Honored to be an Eagle
Alumna Finds Her Way at Georgia Southern
It has been two years since Alexa Lopez (’20) walked across the graduation stage at Georgia Southern University, but she remains one of the University’s biggest cheerleaders.
“I’m doing amazing at my job because of Georgia Southern,” said Lopez, now a software developer for General Motors (GM) in Atlanta. “This college has shaped me in so many ways that people I know today would not understand. They don’t know how painfully shy I was, how few goals I had for my future, how little I put myself out there before I went to Georgia Southern.”
Prior to coming to the Statesboro Campus, Lopez attended college in her native Puerto Rico. But her life was upended when Hurricane Maria, a category 5 storm, battered the island. Recovery from the storm was a daily struggle.
“Before applying to Georgia Southern, my family and I had been without water and electricity for weeks,” she said. “It was difficult keeping up with food because most of us used credit cards to pay; however, stores were only accepting cash.”
The college she attended had closed and she didn’t know when it would reopen. Her father, who lives in Georgia, suggested she transfer to Georgia Southern. Lopez considers it one of the best decisions she’s ever made.
“The people I’ve met at Georgia Southern have been a huge influence in my life,” she noted. “They taught me how to be the best developer I could be and how to be the best version of myself as well.”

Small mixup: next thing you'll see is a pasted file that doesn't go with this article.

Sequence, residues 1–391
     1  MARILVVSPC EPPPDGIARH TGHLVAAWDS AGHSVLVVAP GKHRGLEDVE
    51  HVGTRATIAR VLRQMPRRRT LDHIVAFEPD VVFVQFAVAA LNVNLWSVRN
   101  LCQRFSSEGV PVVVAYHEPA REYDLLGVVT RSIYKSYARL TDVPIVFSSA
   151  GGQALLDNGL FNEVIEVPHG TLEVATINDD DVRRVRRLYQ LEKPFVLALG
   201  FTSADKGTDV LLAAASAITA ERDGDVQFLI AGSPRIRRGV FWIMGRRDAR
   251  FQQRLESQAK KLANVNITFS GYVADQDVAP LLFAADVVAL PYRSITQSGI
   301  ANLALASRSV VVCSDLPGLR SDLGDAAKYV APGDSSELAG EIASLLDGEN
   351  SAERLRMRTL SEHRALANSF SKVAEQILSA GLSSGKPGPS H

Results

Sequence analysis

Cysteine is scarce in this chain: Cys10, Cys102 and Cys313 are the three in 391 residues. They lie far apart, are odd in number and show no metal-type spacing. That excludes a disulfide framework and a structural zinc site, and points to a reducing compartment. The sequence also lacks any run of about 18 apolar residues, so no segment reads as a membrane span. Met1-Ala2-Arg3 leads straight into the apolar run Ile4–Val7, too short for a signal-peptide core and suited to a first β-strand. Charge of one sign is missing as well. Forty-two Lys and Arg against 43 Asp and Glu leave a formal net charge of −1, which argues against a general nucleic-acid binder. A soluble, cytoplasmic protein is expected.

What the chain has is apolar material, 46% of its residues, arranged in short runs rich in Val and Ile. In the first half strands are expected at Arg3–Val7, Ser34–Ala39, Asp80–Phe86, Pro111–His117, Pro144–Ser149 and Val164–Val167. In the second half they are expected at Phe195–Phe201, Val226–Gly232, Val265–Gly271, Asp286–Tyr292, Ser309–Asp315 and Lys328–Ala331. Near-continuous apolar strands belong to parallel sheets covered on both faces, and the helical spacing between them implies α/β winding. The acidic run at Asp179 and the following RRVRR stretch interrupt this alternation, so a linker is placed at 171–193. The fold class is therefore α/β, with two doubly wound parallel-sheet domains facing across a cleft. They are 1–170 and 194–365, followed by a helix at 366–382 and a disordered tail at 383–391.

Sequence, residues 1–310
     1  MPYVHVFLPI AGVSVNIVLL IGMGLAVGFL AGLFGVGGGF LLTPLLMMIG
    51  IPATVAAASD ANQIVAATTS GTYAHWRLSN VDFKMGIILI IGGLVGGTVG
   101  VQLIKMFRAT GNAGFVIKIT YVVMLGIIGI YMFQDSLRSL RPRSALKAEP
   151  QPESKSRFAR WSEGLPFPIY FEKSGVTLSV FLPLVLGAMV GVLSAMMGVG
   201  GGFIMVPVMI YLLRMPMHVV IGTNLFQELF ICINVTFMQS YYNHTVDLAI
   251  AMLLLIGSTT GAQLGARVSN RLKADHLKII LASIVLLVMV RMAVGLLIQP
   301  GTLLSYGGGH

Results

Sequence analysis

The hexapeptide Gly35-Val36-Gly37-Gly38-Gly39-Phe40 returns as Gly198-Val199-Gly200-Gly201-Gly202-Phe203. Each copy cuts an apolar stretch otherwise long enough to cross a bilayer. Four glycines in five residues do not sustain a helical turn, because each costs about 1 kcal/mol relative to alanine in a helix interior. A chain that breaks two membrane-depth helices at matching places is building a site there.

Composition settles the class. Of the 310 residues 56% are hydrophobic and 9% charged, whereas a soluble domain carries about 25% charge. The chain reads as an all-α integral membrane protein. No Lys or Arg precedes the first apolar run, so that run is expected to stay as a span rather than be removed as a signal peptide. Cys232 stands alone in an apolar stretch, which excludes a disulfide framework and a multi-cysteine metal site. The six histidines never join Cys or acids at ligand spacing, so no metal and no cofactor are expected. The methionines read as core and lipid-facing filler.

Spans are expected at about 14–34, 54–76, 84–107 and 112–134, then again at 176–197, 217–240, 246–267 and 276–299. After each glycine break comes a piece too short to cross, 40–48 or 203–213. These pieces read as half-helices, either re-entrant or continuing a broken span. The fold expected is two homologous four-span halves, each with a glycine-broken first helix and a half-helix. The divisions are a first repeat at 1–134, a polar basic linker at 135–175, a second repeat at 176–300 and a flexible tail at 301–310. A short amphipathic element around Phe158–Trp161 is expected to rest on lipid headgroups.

THE RIGHT DECISION
The alumna majored in information technology and she still remembers the class that confirmed she selected the right major.
“There’s no doubt that my favorite class was webpage development with Professor Kristen Hawkins,” said Lopez. “I learned how to make a website from scratch using code, something I thought I’d never be able to do. The skills I learned in that class apply today in my career as a developer.”
As a woman pursuing a career in a field dominated by men, Lopez knew how important it was to network with other women forging careers in tech industries. She joined Women in Technology (WIT), an organization that supports the advancement of women and girls in science, technology, engineering, the arts and mathematics.
“I was, and I am, still to this day, all about Women in Technology,” said Lopez. “This organization pushed my growth in so many ways that I can’t thank them enough.”
Shortly after she graduated in December 2020, Lopez joined GM in Atlanta, where she trained for a software developer lead role. Her main responsibilities include scheduling and setting meetings for the team, breaking down business user stories into tasks, conducting code reviews, guiding and mentoring others on how to implement tasks and helping solve ‘bugs.’
But what she enjoys most are the opportunities for growth and networking at the automaker.
“There’s always a project that needs someone with a certain skill to help volunteer,” Lopez said, “or an event where you can talk one-on-one with big names at GM or showcase your best accomplishment. Anyone can get visibility. All you need to do is put yourself out there to get it.”
She was also accepted into JumpStart, an organization for new employees to get involved in different events to socialize, network and grow professionally within the company.
“I’ve been able to interview CIOs during my first year in front of hundreds of employees in the company,” she said. “I definitely have improved my confidence and public speaking skill.”
PROUD TO BE AN EAGLE
Lopez uses her spare time to meet with friends and colleagues, try out fancy restaurants or play with Eve, her little Yorkie. And she continues to praise Georgia Southern for the way it transformed her life.
“I came to Georgia with little to nothing because of a bad hurricane in Puerto Rico in 2017 and was looking for better opportunities.,” she said. “I was able to achieve tons of scholarships at Georgia Southern, have awesome job opportunities and be able to own my first home at 22. I’m grateful for this every day. It’s been a pleasure being an Eagle at Georgia Southern University.” — Sandra Bennett